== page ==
A new study has warned that ice sheets in Greenland and Antarctica are melting at a rate that matches the worst case scenario developed by the Intergovernmental Panel on Climate Change.
Global sea levels have already risen by 1.8 metres since the 1990s. If they continue to rise at their current pace of 4mm per year, 16 million people worldwide could be affected by an increase in coastal flooding by the end of this century, according to researchers.
The study, by scientists at the Danish Meteorological Institute and the University of Leeds, compared the latest satellite surveys of ice sheet mass with past climate models that tried to predict how fast the ice sheets would melt.
Dr Tom Slater, the study’s lead author and a climate researcher at the Centre for Polar Observation and Modelling at the University of Leeds, said the ice sheet melting “has accelerated faster than we could have imagined”.
"The melting is overtaking the climate models we use to guide us, and we are in danger of being unprepared for the risks posed by sea level rise,” he said.
Dr Anna Hogg, a co-author of the study and a climate researcher at the School of Earth and Environment at Leeds, said: "If ice sheet losses continue to track our worst-case climate warming scenarios, we should expect an additional 17cm of sea level rise from the ice sheets alone [by the end of this century]. That's enough to double the frequency of storm-surge flooding in many of the world's largest coastal cities."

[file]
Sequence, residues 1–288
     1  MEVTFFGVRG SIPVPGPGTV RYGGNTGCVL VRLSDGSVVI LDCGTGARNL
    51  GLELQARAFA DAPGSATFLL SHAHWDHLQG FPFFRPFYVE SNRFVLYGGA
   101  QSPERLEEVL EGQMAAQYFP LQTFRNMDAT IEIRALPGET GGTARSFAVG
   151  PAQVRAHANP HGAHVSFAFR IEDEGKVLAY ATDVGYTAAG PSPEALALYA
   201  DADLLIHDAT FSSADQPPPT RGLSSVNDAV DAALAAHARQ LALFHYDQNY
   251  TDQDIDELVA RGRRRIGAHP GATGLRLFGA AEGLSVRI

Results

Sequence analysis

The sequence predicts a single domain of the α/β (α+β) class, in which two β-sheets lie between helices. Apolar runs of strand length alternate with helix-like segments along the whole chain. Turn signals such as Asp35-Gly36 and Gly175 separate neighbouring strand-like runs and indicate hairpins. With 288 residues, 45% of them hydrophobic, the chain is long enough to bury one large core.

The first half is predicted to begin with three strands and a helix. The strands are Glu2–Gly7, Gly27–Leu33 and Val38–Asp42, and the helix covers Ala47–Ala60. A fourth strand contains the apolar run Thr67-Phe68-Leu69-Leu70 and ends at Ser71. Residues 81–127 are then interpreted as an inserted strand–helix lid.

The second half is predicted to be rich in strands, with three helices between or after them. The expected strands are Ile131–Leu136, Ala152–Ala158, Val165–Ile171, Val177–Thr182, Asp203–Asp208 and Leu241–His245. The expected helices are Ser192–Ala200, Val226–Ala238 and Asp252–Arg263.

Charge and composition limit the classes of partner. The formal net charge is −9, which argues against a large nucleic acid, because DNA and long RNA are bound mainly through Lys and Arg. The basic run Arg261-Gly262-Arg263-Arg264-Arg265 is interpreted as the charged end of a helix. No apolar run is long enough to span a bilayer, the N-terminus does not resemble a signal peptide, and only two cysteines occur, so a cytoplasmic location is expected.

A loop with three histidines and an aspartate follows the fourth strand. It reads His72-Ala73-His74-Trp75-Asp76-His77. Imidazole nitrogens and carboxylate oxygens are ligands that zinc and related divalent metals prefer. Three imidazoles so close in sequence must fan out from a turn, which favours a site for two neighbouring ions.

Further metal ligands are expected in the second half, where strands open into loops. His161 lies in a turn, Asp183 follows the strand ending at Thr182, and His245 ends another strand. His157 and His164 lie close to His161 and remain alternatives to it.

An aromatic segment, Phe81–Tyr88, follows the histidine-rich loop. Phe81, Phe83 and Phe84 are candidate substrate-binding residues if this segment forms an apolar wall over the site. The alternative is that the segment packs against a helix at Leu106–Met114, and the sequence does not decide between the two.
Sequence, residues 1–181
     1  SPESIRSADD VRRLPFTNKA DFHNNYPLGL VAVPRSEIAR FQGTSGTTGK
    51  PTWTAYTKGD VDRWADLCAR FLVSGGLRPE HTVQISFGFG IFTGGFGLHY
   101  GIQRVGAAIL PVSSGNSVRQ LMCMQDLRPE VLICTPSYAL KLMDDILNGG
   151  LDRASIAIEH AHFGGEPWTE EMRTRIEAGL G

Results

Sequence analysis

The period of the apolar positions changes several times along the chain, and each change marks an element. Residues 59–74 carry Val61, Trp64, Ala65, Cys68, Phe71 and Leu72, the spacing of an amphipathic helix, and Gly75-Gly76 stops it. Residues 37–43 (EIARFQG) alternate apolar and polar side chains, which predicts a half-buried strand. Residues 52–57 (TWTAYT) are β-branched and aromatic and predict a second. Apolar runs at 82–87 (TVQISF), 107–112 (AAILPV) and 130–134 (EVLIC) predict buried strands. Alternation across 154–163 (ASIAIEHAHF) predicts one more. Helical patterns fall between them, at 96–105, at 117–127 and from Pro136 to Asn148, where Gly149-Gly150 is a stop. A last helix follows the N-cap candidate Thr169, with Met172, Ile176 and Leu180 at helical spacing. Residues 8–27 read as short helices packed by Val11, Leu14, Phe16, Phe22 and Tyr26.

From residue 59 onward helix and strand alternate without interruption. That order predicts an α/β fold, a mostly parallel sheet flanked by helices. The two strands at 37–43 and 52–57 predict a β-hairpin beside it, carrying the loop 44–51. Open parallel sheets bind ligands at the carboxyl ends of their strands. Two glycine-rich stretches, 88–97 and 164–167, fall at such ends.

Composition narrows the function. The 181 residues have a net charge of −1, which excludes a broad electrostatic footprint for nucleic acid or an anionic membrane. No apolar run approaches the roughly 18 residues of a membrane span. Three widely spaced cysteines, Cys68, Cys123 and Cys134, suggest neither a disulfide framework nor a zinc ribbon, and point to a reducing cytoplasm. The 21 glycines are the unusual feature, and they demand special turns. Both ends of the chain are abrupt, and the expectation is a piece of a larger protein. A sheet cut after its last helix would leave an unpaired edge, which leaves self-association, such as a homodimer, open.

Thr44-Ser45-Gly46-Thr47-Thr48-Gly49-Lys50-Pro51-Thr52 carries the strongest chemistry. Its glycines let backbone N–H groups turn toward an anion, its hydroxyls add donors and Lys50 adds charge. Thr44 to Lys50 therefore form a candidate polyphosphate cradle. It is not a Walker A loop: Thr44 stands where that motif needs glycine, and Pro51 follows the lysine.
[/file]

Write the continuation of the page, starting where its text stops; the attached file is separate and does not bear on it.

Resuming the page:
Historically, sea levels have mostly risen because of a process called thermal expansion, where the volume of sea water expands the warmer it gets. However, over the last five years, the melting of ice sheets – and the subsequent volume of water that adds to oceans – has overtaken thermal expansion as the leading cause of rising sea levels.
Ruth Mottram, climate researcher at the Danish Meteorological Institute, said: “It is not only Antarctica and Greenland that are causing the water to rise. In recent years, thousands of smaller glaciers have begun to melt or disappear altogether, as we saw with the glacier Ok in Iceland, which was declared ‘dead’ in 2014. This means that melting of ice has now taken over as the main contributor of sea level rise.”
While neither situation is expected, if all the ice sheets in Antarctica were to melt, that would cause sea levels to rise by 58 metres; in Greenland, the same scenario would cause a rise of just over seven metres.